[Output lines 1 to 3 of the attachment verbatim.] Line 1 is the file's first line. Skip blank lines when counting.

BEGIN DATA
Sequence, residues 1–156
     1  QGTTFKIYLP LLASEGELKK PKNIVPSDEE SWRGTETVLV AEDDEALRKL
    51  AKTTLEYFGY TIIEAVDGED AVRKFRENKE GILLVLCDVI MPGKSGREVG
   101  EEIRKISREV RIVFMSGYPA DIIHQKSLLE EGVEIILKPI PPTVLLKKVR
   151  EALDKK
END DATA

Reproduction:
Sequence, residues 1–156
     1  QGTTFKIYLP LLASEGELKK PKNIVPSDEE SWRGTETVLV AEDDEALRKL
    51  AKTTLEYFGY TIIEAVDGED AVRKFRENKE GILLVLCDVI MPGKSGREVG